The Rock Island County consolidation committee on Tuesday heard the estimated costs of various proposals for county offices and courtrooms, including possibly moving to the Quad Cities Industrial Center.
The committee was created in late April to study the move supporters say would give the county a new and modern home paid for through energy and maintenance savings. There is concern, however, over the future of the historic courthouse and county office building if the county moved out and the impact it would have on downtown Rock Island businesses.
Kent Pilcher of Estes Construction on Tuesday reported on the possible costs of four options. Along with the move to the QCIC site, other options included building a new courthouse/county administrative facility in downtown Rock Island, rehabilitating the existing buildings and keeping things as they are.
Moving to the QCIC site would cost $34 million to $34.5 million, Mr. Pilcher said. Building a new courthouse would cost an estimated $47 million to $49 million, he said, and rehabilitation would cost an estimated $40 million to $41 million.
Anticipating the cost of no change was difficult to assess, he said, noting all of the buildings face significant issues such as not meeting needs, state/federal requirements or aging equipment and infrastructure. Within 10 years, he said, the costs of keeping the buildings functioning could be $6 million and $7 million.
Consolidation committee chairman Tom Rockwell, D-Coal Valley, asked other members to write up their thoughts on the options, their recommendations and their assessment of the county's current facilities. The reports will be consolidated into a final report that is expected to be presented to the full county board by July.
Other committee members are Rock Island County Associate Judge Richard Zimmer, Rock Island County Sheriff Jeff Boyd, businessman Matt Stern, Renaissance Rock Island President Brian Hollenback and Rock Island County Board member Rod Simmer, R-Rock Island. The group will next meet June 26
More than 20 people filled the small meeting room and stood in the hall during Tuesday's meeting. At the end, several expressed concern -- some quite vehemently -- over whether there had been enough public input into the process.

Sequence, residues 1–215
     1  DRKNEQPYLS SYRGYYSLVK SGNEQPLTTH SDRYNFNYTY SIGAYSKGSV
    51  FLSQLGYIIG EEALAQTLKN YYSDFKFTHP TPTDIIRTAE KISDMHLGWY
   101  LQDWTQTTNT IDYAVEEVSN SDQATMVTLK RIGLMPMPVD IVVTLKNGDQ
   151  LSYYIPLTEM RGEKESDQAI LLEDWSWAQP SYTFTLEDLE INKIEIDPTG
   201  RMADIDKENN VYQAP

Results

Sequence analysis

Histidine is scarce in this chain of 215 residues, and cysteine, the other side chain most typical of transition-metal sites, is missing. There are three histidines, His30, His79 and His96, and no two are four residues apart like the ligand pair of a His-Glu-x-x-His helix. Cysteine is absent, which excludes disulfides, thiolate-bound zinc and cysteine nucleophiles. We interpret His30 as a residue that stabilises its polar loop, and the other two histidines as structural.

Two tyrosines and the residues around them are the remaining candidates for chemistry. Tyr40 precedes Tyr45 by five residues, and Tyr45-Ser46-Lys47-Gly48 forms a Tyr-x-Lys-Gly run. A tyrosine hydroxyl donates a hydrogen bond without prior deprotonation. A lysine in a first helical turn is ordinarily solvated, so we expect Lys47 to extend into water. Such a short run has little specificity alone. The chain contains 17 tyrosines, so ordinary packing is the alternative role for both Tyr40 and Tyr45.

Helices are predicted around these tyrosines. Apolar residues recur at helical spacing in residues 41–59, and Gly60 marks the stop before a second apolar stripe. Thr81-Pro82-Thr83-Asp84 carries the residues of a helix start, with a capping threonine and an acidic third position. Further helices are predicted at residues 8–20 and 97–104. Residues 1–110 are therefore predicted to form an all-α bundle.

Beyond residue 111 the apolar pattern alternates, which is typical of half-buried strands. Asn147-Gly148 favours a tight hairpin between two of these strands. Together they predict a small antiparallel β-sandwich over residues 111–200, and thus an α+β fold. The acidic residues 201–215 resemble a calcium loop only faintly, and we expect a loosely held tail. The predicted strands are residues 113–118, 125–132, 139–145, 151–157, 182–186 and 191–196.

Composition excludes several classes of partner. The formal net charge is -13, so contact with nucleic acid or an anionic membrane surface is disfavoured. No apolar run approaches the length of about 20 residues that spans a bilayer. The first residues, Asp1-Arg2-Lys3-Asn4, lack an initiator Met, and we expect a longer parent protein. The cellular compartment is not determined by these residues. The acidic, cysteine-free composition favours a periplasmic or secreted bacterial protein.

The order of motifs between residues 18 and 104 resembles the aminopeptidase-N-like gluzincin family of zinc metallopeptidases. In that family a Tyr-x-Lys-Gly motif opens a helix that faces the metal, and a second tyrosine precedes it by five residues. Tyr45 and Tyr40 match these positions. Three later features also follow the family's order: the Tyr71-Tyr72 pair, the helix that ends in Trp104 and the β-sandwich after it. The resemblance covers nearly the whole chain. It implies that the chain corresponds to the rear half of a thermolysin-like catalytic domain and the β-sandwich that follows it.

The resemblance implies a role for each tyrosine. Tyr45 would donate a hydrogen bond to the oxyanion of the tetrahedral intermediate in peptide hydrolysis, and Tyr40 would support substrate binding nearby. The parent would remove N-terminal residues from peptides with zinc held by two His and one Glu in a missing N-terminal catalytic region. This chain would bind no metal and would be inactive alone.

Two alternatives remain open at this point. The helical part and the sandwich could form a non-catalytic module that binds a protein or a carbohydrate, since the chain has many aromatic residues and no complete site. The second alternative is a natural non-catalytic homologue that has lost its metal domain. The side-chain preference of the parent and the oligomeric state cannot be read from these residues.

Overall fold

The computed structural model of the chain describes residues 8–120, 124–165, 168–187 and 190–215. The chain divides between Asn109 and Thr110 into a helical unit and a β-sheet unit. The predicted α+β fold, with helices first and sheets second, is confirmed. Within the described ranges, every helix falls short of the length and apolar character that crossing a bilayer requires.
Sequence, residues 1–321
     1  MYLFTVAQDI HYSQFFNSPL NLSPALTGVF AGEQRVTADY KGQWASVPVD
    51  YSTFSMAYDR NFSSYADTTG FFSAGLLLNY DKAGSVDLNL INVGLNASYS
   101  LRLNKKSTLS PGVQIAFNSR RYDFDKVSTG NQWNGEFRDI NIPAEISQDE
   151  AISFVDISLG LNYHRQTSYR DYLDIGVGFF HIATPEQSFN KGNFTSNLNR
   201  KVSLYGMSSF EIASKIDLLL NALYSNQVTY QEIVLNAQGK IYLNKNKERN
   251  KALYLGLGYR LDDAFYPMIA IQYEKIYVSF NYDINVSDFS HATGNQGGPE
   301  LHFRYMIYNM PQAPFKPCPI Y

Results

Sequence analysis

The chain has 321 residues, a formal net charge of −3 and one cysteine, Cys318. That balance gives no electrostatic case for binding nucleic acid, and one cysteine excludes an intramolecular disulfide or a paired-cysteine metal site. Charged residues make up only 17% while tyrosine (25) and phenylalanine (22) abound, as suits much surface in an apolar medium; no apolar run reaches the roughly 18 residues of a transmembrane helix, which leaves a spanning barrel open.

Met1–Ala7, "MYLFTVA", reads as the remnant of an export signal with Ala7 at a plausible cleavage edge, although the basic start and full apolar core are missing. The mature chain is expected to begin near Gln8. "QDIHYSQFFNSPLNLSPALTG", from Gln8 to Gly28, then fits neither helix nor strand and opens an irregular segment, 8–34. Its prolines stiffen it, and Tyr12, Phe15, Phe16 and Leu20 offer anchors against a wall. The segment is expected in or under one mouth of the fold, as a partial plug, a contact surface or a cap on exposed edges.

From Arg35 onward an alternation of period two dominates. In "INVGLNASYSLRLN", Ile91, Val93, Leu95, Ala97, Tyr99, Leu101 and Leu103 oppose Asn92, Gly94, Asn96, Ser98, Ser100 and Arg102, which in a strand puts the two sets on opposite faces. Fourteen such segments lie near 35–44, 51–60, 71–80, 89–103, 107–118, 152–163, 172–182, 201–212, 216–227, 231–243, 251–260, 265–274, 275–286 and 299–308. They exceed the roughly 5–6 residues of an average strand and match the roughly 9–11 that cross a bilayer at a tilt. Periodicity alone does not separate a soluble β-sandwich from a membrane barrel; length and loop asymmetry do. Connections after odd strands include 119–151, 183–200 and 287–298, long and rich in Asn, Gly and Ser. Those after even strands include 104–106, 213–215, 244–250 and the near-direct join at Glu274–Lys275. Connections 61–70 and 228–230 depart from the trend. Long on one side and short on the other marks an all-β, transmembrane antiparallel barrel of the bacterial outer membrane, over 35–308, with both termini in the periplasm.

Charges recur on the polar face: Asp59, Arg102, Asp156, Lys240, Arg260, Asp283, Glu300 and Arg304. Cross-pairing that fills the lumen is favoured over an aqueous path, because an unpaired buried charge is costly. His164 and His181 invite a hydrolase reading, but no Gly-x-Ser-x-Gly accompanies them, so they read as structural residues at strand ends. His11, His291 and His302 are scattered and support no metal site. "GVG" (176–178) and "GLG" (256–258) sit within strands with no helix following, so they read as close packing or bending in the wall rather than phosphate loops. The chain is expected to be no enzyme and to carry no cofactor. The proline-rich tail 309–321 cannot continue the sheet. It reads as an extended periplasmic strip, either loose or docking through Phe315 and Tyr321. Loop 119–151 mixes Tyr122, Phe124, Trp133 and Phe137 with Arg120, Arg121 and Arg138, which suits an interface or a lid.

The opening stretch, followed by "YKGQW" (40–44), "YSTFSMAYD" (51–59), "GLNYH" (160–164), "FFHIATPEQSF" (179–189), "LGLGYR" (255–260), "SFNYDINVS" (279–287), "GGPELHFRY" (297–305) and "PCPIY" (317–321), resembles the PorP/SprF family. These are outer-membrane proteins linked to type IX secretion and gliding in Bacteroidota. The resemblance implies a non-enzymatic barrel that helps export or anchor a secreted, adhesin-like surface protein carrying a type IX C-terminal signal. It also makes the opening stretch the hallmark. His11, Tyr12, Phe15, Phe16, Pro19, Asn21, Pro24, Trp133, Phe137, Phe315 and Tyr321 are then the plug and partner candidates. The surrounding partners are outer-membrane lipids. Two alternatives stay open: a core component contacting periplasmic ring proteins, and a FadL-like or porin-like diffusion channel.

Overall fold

Mr. Rockwell said they could submit their thoughts to the committee in writing. Some, however, countered they wanted a public forum.
Paul Inman, of Rock Island, said the county office decision should be made by a public referendum rather than by the county board.
"You absolutely need a public vote," he said.
He questioned the sturdiness of the proposed QCIC site compared to the current stone buildings and cited other concerns, including fears that access to the site would be hampered by railroads and Rock Island's downtown would be "devastated."
Instead, he proposed an annex on the existing courthouse parking lot and the creation of more parking across the street.
Scott Christiansen, president of LRC Developers which owns the QCIC, on Tuesday said he believes the QCIC option would mean a significant savings for the county compared to the other options.
"We also believe it is a good location for Rock Island County," he said, saying it could provide an opportunity to create redevelopment on both the east and west sides of Rock Island.
For more information:
-- To view the Estes report presented Tuesday night, visit QCOnline.com.
-- For more information on LRC's proposal, visit www.ricountycampus.com.